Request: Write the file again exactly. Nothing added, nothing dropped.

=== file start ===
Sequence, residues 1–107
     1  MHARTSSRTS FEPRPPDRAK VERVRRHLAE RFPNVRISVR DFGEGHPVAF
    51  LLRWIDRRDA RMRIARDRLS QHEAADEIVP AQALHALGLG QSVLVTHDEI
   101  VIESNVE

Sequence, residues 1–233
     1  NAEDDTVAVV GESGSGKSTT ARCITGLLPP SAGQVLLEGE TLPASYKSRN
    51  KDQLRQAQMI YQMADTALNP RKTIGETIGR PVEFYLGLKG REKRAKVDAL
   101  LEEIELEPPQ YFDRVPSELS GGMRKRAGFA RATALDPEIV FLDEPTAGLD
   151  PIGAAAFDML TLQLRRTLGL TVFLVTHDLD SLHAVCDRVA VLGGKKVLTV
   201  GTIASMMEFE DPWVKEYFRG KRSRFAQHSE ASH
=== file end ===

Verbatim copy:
Sequence, residues 1–107
     1  MHARTSSRTS FEPRPPDRAK VERVRRHLAE RFPNVRISVR DFGEGHPVAF
    51  LLRWIDRRDA RMRIARDRLS QHEAADEIVP AQALHALGLG QSVLVTHDEI
   101  VIESNVE

Sequence, residues 1–233
     1  NAEDDTVAVV GESGSGKSTT ARCITGLLPP SAGQVLLEGE TLPASYKSRN
    51  KDQLRQAQMI YQMADTALNP RKTIGETIGR PVEFYLGLKG REKRAKVDAL
   101  LEEIELEPPQ YFDRVPSELS GGMRKRAGFA RATALDPEIV FLDEPTAGLD
   151  PIGAAAFDML TLQLRRTLGL TVFLVTHDLD SLHAVCDRVA VLGGKKVLTV
   201  GTIASMMEFE DPWVKEYFRG KRSRFAQHSE ASH